To see the best prevention of these cancer types one must consume a daily diet of at least one-half cup of onions.
With age and the onset of menopause many women find that they lose bone density in their body. This can lead to osteoporosis and other issues with the bones.
Frequent consumption of onions will help to increase that bone density and many women at the age of menopause will see the benefits. Those who are older may find that they have a reduced risk of fractures to the hip as well.
The antioxidants in onions help to provide many anti-inflammatory properties. This works because the antioxidants prevent oxidation of the fatty acids that accumulate in the body.
This helps individuals keep their inflammation under control and prevents problems with many inflammatory diseases.
Those who have opted to use onions for their health benefits will see that conditions such as arthritis and gout improve over time and cause less pain and problem.
For many centuries onions have been used to fight a number of infections. The anti-bacterial properties that come with onions are strong enough to battle bacteria such as E.coli and Salmonella while also being able to treat things such as the common cold.
Those with a urinary tract infection will find that onions can help alleviate the burning that often comes with urination. In addition, the ability to increase blood circulation means that the body will sweat more and fight off fever, infection and other symptoms that often come with a cold or flu.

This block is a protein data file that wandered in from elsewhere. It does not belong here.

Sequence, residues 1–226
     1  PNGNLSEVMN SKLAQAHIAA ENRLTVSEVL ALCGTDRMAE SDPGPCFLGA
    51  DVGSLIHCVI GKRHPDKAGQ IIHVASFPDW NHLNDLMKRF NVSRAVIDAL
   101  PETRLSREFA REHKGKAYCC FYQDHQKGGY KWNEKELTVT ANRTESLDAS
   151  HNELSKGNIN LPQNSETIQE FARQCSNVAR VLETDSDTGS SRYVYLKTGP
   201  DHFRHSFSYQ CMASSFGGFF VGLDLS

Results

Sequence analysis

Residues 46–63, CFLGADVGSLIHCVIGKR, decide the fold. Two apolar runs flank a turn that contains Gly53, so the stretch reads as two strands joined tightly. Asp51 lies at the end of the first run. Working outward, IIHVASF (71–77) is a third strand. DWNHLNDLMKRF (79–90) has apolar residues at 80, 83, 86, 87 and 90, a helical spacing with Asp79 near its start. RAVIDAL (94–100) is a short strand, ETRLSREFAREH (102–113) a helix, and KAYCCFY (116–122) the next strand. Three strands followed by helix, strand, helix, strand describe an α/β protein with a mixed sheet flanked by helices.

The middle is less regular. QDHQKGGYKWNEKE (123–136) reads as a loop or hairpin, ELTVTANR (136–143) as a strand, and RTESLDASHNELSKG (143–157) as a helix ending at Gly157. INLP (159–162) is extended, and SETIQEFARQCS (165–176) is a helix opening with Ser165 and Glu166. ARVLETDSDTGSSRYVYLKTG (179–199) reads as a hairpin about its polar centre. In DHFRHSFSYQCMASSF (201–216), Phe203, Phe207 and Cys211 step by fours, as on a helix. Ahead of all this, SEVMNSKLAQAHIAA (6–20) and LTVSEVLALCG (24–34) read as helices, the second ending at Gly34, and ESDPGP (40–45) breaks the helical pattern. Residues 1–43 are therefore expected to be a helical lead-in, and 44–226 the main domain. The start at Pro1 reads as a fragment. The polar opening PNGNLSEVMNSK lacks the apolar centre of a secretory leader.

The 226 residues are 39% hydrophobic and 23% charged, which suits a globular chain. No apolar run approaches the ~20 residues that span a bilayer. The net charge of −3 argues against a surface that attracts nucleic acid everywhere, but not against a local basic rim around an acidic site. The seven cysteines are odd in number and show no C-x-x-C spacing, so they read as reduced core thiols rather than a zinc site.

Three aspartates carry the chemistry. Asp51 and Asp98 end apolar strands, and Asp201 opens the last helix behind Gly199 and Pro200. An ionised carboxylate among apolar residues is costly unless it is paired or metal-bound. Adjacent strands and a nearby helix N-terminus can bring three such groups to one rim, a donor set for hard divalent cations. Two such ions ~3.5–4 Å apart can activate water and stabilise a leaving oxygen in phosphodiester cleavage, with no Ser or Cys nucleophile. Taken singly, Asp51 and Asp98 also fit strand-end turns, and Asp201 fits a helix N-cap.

Onions can also be used to treat respiratory problems such as coughing and breathing issues that may be common whenever infection is present.
In order to truly benefit from the use of onions medicinally, one must first understand the how to choose and store the right ones. The skin should be dry and crisp. Always avoid onions that have sprouts, mold, soft spots, moisture or dark places. These are signs of the onion going bad.
Onions come in red, yellow, white and green varieties and can be flavored anywhere from extremely strong to sweet. As a general ‘rule of thumb’ the stronger the onion, the more potent the benefits will be. Remember that when you’re shedding ‘tears of joy’, cutting one up!
When storing onions to preserve the nutrients, keeping them well ventilated and dry is vital. They should be stored at room temperature and not exposed to direct light or heat. It is best to never refrigerate the onions and to ensure that they are not stored for too long.
It is important to note that the health promoting flavanoids contained in an onion are located in the outer skin layers. When peeling, it is vital you don’t remove too many layers. Over-peeling will often mean you lose these essential flavanoids.
How To Chop An Onion
If you want to know the best way to cut an onion and how to avoid crying while doing so, watch the video below:
Take Advantage of the Healing Properties
There are so many ways you can incorporate onions into your diet and benefit from their extensive, health promoting nutrients.
They are great when added to cold dishes such as salads which also helps to maintain their healthy properties. They can be added to a whole variety of cooked recipes simply because they add a great flavor to food. How many recipes do you know that contain onions as an ingredient? Plenty, right?
By incorporating onions in as many meals as possible and remembering not to over-peel them, you’ll be taking advantage of all the health benefits mentioned above.
If you have any questions or comments about the health benefits of onions, please drop them below.